CSX’s Intermodal Volumes in Week 12



CSX’s intermodal volumes

In recent weeks, CSX’s (CSX) intermodal traffic has been on an upward path. In the week ended March 25, 2017, its total intermodal traffic rose 7.3%. Overall intermodal volumes reached ~55,000, compared to 51,000 units in the week ended March 26, 2016. However, trailer volumes witnessed a ~10.3% fall.

The percentage rise in CSX’s overall intermodal traffic was in line with the rise reported by rival Norfolk Southern (NSC) during the same period. The rise in CSX’s intermodal traffic for the 12th week lagged behind the rise reported by US railroad companies overall.

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Why intermodal matters to CSX

Key corridors such as Interstate 95, Interstate 90, and certain Southeastern US corridors drive growth in merchandise and intermodal volumes. CSX expects a 95.0% clearance for its double-stack container traffic on the East Coast at the end of 2017. Its new Carolina Connector terminal is expected to provide hub connectivity to additional lanes in the mid-Atlantic market.

For CSX, excess truck capacity is a deterrent to intermodal business growth. The company expects some short-haul volume losses in the domestic intermodal space over the next few quarters.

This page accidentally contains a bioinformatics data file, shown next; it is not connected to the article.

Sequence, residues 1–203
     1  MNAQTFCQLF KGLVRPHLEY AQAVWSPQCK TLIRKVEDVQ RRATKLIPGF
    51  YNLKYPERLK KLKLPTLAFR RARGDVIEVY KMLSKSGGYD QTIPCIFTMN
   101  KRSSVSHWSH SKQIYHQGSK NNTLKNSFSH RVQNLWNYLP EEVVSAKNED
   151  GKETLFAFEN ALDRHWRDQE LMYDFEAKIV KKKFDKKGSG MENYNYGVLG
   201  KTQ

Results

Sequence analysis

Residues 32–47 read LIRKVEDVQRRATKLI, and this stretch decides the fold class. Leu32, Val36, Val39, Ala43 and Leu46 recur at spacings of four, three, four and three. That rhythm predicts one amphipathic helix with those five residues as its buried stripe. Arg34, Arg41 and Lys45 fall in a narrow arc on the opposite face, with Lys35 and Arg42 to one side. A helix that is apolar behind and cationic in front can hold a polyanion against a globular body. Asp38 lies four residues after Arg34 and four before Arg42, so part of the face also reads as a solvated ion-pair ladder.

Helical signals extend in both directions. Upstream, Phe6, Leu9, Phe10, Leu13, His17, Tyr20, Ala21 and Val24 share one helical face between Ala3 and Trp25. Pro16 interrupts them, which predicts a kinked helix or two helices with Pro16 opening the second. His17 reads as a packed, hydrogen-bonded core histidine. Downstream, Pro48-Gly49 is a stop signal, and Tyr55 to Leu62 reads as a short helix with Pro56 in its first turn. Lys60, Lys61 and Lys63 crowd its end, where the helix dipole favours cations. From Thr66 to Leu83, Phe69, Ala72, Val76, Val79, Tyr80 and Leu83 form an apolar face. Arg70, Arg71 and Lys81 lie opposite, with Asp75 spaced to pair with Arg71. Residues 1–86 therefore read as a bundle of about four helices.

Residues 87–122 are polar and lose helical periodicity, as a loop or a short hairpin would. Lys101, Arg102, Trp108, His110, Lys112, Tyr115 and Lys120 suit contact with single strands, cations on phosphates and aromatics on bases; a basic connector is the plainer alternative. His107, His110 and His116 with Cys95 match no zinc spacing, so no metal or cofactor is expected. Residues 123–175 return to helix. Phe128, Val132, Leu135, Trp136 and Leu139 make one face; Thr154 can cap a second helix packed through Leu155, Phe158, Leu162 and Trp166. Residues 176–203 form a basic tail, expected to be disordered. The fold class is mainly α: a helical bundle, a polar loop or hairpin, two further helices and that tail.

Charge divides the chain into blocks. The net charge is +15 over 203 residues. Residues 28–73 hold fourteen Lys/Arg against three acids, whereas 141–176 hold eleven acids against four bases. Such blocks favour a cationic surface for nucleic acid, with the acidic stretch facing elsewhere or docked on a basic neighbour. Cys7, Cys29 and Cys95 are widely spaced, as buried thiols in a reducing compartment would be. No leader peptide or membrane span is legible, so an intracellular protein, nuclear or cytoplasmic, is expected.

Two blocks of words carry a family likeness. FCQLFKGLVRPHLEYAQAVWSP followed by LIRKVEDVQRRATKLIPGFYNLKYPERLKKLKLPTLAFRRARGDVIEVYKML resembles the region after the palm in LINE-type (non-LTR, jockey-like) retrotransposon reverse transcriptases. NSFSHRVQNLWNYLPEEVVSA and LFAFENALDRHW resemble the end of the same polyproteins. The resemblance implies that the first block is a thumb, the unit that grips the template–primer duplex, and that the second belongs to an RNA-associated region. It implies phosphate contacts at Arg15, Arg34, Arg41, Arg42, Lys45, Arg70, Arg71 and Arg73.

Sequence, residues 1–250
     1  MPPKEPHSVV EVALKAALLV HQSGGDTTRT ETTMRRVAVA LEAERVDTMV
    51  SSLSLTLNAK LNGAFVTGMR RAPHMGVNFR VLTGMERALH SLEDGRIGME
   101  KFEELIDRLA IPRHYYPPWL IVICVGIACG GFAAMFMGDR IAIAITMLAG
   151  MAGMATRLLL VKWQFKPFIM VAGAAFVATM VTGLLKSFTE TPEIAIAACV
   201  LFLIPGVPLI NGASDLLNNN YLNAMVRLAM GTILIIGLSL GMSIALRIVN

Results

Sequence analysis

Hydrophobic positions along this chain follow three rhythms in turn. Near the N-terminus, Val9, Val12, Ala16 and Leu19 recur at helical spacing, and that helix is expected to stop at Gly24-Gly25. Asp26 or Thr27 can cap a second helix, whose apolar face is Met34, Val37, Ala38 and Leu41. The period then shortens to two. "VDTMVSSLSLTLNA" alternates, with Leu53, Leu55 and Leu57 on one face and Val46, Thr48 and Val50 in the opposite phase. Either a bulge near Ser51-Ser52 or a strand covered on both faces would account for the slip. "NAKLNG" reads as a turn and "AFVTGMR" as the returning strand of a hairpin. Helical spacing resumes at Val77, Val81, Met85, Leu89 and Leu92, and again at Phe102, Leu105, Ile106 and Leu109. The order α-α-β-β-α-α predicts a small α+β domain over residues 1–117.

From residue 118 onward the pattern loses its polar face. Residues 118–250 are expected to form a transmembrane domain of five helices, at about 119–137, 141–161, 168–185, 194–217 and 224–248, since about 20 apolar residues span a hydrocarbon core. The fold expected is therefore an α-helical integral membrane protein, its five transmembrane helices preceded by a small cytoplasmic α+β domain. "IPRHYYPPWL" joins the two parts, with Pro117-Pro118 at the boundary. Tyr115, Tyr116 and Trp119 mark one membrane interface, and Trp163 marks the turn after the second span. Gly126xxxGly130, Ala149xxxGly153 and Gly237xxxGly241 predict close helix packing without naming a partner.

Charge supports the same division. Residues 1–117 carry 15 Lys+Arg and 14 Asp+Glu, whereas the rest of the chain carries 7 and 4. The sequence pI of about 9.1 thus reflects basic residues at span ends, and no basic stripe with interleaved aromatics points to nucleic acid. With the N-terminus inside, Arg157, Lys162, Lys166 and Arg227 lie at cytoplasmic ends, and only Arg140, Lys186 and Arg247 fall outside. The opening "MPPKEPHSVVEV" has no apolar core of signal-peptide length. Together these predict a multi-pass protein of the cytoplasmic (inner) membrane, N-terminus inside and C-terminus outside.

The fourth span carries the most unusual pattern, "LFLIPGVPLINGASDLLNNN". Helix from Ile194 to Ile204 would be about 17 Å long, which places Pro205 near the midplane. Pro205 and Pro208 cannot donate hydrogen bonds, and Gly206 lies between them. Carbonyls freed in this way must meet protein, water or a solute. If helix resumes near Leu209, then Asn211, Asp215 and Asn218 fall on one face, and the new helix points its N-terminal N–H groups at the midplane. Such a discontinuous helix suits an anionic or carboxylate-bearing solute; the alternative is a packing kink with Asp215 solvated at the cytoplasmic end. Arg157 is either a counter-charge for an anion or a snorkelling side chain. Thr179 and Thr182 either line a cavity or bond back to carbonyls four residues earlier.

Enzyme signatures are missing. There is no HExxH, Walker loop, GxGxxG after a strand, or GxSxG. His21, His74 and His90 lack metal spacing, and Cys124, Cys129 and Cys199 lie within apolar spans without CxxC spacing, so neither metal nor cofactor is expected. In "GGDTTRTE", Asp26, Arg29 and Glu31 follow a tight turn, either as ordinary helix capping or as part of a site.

However, in 2017, CSX is hopeful that its implementation of trucking regulations such as the electronic logging device will tighten truck capacity. These regulations could lead to higher intermodal volumes in the future.

Railroad companies (GWR) are four times more fuel-efficient than trucks (JBHT). About half of the US rail intermodal volume consists of imports and exports. Railroads are also more environmentally desirable than truck freight transportation due to trucks’ heavy reliance on highways.


If you prefer a broad-based exposure to the transportation space, you could consider the VanEck Vectors Morningstar Wide Moat ETF (MOAT). All major US-originated railroad companies are included in MOAT’s portfolio.

In the next part of this series, we’ll look at Union Pacific’s (UNP) railcar traffic.


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